"[W]e know that some of the most important and critical issues of our time will be heard by the Michigan Supreme Court probably within the next one or two years."Kyra Harris Bolden, State Representative and Michigan Supreme Court Candidate
So what we did was create a mechanism so that people could go to nursing homes. Because if you're in a dire situation, [keeping you in prison] is not corrective behavior. There is no justice by letting people die in our prisons that were in comas and have bedsores. And also, it saves the state money.
The Wrongful Imprisonment Compensation Act was created because we want to, as a society, to right our wrongs when people are once fully convicted. And what was happening was their cases were being dismissed because the statute actually said the timeline for applying for the fund would be 18 months. However, these cases go through the Court of Claims and you have to file within six months.
The bill that became law cleared up that timeline, and created a mechanism for those cases that had been previously dismissed. Those individuals can now reapply.
And so how that fits into my judicial philosophy is we want to look at situations on a case-by-case basis. We want individuals to feel seen and heard and understood for their unique circumstances.
DT: The political advocacy arm of Planned Parenthood of Michigan has endorsed you in your run for the state Supreme Court. You also appeared at a reproductive rights town hall earlier this year. With the potential for multiple abortion cases to come before the court, how would you pull back to assess the merits of those cases?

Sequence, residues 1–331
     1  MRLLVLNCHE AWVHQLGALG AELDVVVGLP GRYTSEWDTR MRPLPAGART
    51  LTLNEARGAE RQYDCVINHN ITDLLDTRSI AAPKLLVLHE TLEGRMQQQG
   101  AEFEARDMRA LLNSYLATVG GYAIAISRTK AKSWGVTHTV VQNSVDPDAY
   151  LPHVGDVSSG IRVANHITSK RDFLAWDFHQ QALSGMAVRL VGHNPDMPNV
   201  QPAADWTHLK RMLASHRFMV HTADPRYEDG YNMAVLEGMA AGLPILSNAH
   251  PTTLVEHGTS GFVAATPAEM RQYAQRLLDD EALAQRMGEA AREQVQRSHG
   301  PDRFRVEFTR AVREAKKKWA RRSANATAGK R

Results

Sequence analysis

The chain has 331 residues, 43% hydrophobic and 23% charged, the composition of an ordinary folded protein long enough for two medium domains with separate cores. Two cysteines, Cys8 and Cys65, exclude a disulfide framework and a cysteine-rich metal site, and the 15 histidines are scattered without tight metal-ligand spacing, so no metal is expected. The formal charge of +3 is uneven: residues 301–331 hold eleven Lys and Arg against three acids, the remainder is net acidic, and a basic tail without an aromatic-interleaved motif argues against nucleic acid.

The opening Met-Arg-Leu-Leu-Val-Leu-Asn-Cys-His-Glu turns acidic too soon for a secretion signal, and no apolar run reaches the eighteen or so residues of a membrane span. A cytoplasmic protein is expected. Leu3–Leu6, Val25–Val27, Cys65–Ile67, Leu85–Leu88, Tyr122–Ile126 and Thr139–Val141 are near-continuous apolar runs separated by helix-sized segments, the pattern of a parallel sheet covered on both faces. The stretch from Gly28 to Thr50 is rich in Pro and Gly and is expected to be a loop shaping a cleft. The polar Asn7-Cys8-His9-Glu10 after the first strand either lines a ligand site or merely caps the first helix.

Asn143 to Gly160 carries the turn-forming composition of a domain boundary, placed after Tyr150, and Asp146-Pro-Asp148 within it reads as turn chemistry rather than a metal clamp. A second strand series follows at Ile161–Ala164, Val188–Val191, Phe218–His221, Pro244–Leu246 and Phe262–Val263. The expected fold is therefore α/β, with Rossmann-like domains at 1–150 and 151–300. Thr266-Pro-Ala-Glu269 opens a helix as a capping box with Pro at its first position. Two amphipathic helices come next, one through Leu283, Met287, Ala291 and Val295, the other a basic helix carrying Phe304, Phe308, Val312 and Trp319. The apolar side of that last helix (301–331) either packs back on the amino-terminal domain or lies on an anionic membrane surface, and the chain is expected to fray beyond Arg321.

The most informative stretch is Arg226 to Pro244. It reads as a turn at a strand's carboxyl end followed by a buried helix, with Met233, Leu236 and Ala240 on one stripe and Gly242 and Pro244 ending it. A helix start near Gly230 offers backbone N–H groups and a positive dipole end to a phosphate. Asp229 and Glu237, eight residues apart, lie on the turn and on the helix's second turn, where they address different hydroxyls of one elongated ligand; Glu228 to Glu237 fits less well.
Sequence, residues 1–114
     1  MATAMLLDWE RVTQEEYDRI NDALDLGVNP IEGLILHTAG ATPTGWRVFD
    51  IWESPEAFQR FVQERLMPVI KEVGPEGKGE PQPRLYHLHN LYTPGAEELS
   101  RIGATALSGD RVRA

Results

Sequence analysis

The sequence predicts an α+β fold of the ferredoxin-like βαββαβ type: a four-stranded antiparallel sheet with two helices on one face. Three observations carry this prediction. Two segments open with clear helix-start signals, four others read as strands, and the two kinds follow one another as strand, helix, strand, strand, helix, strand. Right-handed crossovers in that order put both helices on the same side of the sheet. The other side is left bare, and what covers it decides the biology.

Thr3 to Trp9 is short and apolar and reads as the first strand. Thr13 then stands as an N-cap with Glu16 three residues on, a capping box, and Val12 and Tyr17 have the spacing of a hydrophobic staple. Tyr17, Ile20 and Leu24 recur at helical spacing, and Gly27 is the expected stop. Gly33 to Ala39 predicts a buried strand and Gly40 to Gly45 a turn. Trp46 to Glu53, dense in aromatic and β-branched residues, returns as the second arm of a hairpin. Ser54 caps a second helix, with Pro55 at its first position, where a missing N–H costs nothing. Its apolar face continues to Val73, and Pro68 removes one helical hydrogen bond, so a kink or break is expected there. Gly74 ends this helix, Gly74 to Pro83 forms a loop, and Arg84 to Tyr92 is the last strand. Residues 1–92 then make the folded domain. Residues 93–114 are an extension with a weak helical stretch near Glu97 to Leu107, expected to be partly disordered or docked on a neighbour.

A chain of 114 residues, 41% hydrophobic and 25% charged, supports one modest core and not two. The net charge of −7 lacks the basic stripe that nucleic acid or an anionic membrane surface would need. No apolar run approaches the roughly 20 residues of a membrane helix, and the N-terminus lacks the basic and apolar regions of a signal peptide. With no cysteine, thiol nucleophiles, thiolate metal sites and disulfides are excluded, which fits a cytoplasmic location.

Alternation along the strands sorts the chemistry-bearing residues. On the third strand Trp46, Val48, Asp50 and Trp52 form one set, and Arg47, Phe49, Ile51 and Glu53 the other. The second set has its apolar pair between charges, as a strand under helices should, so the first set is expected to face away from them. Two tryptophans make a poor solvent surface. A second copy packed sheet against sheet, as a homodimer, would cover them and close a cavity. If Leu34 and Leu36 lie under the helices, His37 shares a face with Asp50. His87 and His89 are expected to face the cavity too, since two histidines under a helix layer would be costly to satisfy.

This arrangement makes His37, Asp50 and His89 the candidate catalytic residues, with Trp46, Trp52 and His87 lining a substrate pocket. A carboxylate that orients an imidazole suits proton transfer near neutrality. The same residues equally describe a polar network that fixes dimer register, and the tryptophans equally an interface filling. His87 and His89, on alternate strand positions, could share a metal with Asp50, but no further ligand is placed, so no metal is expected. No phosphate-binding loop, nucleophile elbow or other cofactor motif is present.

KHB: Yeah, very easily. The job of a judge or a justice is to interpret the law as written. You have to look at the law, the constitution, and interpret that. And that is all that I will be doing as a justice.
DT: All of the seven current justices are white. If elected, you would become the first black woman to serve on the state Supreme Court in its history. What would it mean for the state's highest court to have that kind of representation for the first time in almost 200 years?
If elected, Harris Bolden would become the first Black woman to serve on the Michigan Supreme Court.
KHB: It's really important for the highest court in the state of Michigan to reflect the diversity of the state of Michigan, a diversity of backgrounds, perspectives.
I didn't realize, to be quite honest, how important it was until I started running. And I have been in situations where honestly, I've almost cried because people have told me how much the representation means to them, not even just obtaining the position, but me running in the first place.
But I also want my daughter and other children in the state of Michigan to know what they can achieve because it's hard to be what you can't see.
DT: Recognizing that you as a candidate cannot comment on on cases that could come before the court, I would like to ask you more broadly, what legal issues seem especially important to you right now in the state of Michigan?
KHB: I think the most important thing is access to justice. For some people, just being able to get to go before the court to have an opportunity to state their case is incredibly important.
With that said, we know that some of the most important and critical issues of our time will be heard by the Michigan Supreme Court probably within the next one or two years.
So, we know that voting rights and who gets to vote, where they vote, and how they vote will be solely, exclusively determined by the Michigan Supreme Court. Abortion will be determined by the Michigan Supreme Court. We know that environmental issues will be determined by the Michigan Supreme Court. And the Michigan Supreme Court will be the last word.
Editor's note: Quotes in this article have been edited for length and clarity. You can listen to the full interview near the top of this page.